Aware of the threats which face us all, 200 parties signed up to the Paris Agreement on climate change in 2015. Unfortunately one country has already pulled out and many are not likely to achieve their pledges. It is also thought that currently only 3 European countries are truly meeting their pledges. Unfortunately, the agreement is non-binding and has no penalties in place for not trying hard enough. The USA ,with 10% of the world’s population but contributing approximately 50% of CO2 emissions, made a decision this month (June 2017) to pull out of the Paris agreement – as they ramped up oil production to 9.1 million barrels a day. Unless these countries can look at the wider picture, it makes it difficult to suggest using or investing in renewable energy sources when there is a cheap energy source available in the form of oil.

2016 was the first time the annual atmospheric carbon levels exceeded 400 parts per million (ppm). This historic event was the globally agreed ‘tipping point’, where, like a glass of red wine spilt on a new white rug, the atmospheric changes would be irreversible. A shocking monthly high of 410 ppm in March 2017 indicates that we are not heading in the right direction.

Global levels for carbon dioxide (CO2) have always naturally fluctuated but the increased level of CO2 caused by humans since the industrial revolution is the main cause of anthropogenic climate change. The 400 ppm levels mentioned above are 25% higher than the levels measured 50 years ago.

Since then, our ever-growing population, with its ever-growing demand for food and energy for homes, vehicles, businesses and cities have resulted in exploitation of our fossil fuels. When coal, oil and natural gas are burned these release high levels of atmospheric carbon. Deforestation by humans for mining, agriculture, ranching, infrastructure and settlements has exacerbated the issue as the earth’s ability to remove carbon dioxide naturally via plant respiration is depleted.

reduce global emissions graph blog jun17

 

 

 

 

 

 

 

We are already experiencing the effects of climate change. Global atmospheric temperatures and extreme weather events are increasing, climatic and local weather patterns are changing, oceans are warming causing thermal expansion and coastal flooding, frozen water stores are receding or thawing. In permafrost, this is a big problem as trapped methane (a greenhouse gas and big contributor to climate change) is released.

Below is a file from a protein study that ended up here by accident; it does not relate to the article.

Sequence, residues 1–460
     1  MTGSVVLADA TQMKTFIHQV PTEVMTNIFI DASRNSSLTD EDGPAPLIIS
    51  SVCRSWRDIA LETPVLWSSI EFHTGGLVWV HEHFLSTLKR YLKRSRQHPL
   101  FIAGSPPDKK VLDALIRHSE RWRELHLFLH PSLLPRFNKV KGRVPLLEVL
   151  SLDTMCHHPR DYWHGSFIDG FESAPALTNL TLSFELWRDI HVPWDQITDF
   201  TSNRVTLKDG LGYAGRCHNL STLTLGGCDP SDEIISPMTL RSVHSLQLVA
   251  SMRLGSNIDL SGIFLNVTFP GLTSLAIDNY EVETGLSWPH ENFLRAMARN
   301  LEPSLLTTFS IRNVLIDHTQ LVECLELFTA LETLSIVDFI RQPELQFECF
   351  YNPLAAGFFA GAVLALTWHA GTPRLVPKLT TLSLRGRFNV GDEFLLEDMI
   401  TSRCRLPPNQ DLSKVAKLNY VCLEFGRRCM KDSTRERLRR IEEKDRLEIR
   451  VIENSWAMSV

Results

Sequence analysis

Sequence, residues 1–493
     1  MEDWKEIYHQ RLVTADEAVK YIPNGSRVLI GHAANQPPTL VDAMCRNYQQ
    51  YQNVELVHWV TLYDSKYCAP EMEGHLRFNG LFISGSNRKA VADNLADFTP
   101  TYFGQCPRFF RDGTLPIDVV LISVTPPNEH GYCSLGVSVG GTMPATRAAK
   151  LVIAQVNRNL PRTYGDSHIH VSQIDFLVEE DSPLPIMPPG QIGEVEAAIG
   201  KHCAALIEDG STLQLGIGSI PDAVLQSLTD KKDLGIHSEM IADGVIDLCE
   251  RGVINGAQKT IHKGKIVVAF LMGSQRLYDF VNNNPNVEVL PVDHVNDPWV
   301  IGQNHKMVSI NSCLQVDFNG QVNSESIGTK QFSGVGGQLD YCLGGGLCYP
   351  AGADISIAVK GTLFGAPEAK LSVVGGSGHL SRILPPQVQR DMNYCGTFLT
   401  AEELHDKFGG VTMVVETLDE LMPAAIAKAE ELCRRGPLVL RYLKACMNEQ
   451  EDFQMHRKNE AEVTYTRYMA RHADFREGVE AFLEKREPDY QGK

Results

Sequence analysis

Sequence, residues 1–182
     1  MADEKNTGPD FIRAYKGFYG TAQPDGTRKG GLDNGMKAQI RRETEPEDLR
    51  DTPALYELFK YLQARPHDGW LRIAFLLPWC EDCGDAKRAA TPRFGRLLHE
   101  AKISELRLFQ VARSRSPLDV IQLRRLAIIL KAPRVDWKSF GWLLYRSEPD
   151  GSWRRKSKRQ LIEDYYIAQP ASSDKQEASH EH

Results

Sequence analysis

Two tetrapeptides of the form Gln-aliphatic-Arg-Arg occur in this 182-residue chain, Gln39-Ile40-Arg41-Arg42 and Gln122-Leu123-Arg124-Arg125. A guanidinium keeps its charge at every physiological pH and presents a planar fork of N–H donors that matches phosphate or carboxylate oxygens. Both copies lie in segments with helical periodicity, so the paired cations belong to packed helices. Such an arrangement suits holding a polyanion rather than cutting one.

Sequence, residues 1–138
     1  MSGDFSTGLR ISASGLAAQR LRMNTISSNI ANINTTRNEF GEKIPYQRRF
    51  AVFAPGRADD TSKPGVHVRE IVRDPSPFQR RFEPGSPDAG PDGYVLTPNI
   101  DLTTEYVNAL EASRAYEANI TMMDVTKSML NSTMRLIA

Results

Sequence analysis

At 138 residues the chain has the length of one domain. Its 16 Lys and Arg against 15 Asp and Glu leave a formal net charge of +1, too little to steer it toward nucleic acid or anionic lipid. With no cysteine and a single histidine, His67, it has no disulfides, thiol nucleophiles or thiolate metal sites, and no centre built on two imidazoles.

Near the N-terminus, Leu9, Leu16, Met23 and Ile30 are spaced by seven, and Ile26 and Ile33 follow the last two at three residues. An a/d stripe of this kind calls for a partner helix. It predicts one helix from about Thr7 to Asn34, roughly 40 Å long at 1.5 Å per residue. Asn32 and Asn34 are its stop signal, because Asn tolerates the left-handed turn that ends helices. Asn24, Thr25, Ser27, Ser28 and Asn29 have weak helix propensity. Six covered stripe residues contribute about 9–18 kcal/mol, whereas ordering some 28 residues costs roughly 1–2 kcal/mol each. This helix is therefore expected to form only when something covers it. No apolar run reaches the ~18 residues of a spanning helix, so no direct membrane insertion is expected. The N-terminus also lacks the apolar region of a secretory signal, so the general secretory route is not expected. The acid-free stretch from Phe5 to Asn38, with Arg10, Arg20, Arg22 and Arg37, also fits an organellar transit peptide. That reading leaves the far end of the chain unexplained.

In 2010, Parties to the United Nations Framework Convention on Climate Change agreed that future global warming should be limited to below 2.0 °C relative to the pre-industrial level. This figure was revised to 1.5 °C in the 2015 Paris Agreement but the current trajectory of emissions is not in line with limiting global warming to below 1.5 or even 2 °C. We have already breached the 1°C mark in 2015, and many feel that it would be difficult to maintain a temperature rise below 2.7°C even if the climate pledges were adhered to.

Whilst we can’t reduce the level of atmospheric CO2, in our lifetime at least, we can mitigate the climatic effects by lessening the emissions we each produce. The Intergovernmental Panel for Climate Change (IPCC) stated in 2014 that “Mitigation is a public good; climate change is a case of the tragedy of the commons. Effective climate change mitigation will not be achieved if each agent (individual, institution or country) acts independently in its own selfish interest”. Clearly, the for need mitigating emissions needs to start with all humans, at an individual level, working collectively with other humans to do the same.

But what are our individual emissions? World bank 2013 data cites the US at 16.4 tons per person per year, and the UK and Tanzania at 7.1 and 0.2 tons per person respectively. Researching your carbon footprint based on your own energy use is the first step towards educating how we as individuals can mitigate against climate change. Examples include:

  • Choose energy that comes from renewable sources for your home and/or business
  • Reduce your water usage
  • Reduce, Reuse and Recycle – Reduce food waste for example, buy less or use scraps as compost rather than sending to landfill sites; reuse packaging whenever you can, recycle plastics in particular as they derive from oil, a carbon source.
  • Increase the energy efficiency in your home and place of work; for example, improving insulation, remote heating, energy efficient bulbs and draft excluders.
  • Change from use of gas for cooking and heating to use of electricity ???? (this is only the case if electricity is produced using renewable sources. If using coal powered energy generation it is not as environmentally friendly as using mains gas in the UK.